It is a commonly asserted notion that without fans, football would not be the global, hyper-dominant entertainment industry that it is. With that, would it not seem bizarre and totally counter-productive to this reality as a club to beg one’s fans to stick with a regime many of them believe is not working?
Normally, the process of backing a manager would involve speaking of a board or chairman’s personal belief in the man in charge, and that he remains the best person for the job. Even though history tells us that this kind of statement may often lead to the eventual sacking of said manager despite the pre-spoken message of confidence, it still remains a necessary act in the face of adversity.
But it may not be too dramatic to suggest that in laying the bulk of the responsibility of trust and belief in a manager that has a long record of continuous shortcomings at the feet of the paying fans, there lacks a degree of respect.
At an Arsenal fans’ event last week, chief executive Ivan Gazidis delivered a speech in which he urged fans, in the aftermath of another disappointing season, despite FA Cup victory, to ‘unite’. The comments were in reference to the numerous protests that took place towards the back end of last season, as well as the growing number of anti-Arsene Wenger banners being held up inside the Emirates Stadium.
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It is difficult to analyse and debate the justification of these public displays of vehement dissatisfaction towards the manager and co. without carrying out a lengthy autopsy of the last decade in the history of the London club – in fact it feels now like standard protocol whenever Arsenal hit another significant bump in the road, something which of late they aren’t ever too far away from.
What is of primary concern, for now, is Gazidis, in his current role at Arsenal since 2009, and his public comments on Friday.
It was no secret that Wenger’s signature on a two-year contract extension for most of the 2016/17 season was being eagerly awaited by the Arsenal board, and obviously meant that his services were still desired. Wenger eventually jotting his name on the dotted line in May was confirmation that he felt he wasn’t yet ready to leave. Whether his decision to remain was either out of a genuine belief he still had something to offer, or a sort of built-up stubbornness born out of frustration through continuous shortcomings in the league, may never be known.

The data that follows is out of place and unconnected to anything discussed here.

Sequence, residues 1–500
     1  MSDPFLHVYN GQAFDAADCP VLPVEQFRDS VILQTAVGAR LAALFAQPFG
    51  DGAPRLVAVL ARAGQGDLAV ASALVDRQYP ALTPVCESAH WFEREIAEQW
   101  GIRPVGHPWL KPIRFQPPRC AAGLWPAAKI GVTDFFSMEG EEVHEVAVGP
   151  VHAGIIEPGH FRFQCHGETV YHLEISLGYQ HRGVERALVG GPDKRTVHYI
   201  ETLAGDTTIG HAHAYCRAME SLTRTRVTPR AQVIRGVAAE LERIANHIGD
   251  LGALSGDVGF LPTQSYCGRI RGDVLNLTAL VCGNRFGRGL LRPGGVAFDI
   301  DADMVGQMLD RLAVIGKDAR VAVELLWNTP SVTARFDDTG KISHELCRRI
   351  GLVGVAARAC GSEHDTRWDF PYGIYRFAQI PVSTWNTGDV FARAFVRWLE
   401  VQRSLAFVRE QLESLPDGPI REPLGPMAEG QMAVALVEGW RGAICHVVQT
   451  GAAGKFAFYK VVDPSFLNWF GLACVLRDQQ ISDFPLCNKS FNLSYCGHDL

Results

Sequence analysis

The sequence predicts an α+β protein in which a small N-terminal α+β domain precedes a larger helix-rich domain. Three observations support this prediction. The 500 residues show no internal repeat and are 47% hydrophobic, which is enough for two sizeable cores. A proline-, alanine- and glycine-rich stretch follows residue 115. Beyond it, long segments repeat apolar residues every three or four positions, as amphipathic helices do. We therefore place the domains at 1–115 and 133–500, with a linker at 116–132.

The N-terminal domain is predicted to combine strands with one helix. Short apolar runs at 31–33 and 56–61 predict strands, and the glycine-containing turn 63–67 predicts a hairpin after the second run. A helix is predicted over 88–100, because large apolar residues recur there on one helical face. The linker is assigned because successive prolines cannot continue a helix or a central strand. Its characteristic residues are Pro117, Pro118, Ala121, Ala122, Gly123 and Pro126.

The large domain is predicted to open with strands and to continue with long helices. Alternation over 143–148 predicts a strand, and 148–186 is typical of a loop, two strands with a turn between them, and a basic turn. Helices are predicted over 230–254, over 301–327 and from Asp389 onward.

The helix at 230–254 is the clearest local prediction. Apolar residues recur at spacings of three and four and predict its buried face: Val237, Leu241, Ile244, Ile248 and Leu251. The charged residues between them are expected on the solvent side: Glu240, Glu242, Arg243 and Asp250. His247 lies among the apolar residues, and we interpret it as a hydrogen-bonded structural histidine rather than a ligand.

But the decision was made in any case, and with the Frenchman electing to stick around for another few years, it surely would have made the board wary that a large proportion of Arsenal fans would not be happy. What made Gazidis’s comments on Friday rather troublesome was the negligence of the displeasure felt by anti-Wenger fans towards their club’s efforts. By coming out and urging fans to unite and get behind the manager will not solve anything if the club do nothing to seriously improve their chances of winning the league.
His comments suggested that the top level of Arsenal are simply choosing to turn a blind eye to the cries of anger from a growing segment of their fanbase. A somewhat detestable act, given that it is hard to deny the money the club receive from consistently finishing fourth and never mounting a serious title challenge has been a major factor in Wenger remaining in charge.
There are still a vast majority that support Wenger, and will do – whether out of genuine belief in his ability or through a blind faith in the man due to his past contributions – until he does decide to call it a day. While this support remains, it could be that Wenger will always have unwavering support from his superiors.
This is not to put forth that Wenger will never win back his naysayers. The future can’t be foretold. It looks almost certain now that prolific Lyon forward Alexandre Lacazette will be signing for Arsenal for what, as is being reported, could be a club-record fee. More signings will be needed if they wish to push for the title next season, especially if Alexis Sanchez leaves, and that would be an extraordinary feat given that the other “big five” clubs will no doubt be stronger than they were in the previous campaign.
But if the bad times continue, and the Wenger out band cease to halt their public showings of discontentment, it simply won’t do for Gazidis to come out and call for unity. If the fans aren’t happy, and the number of unhappy fans swells, then it is the board’s responsibility to act.
In football, reality must be faced at all times no matter how ugly the situation. Otherwise, you might actually start to believe your own delusional thoughts.
David Newman, Pundit Arena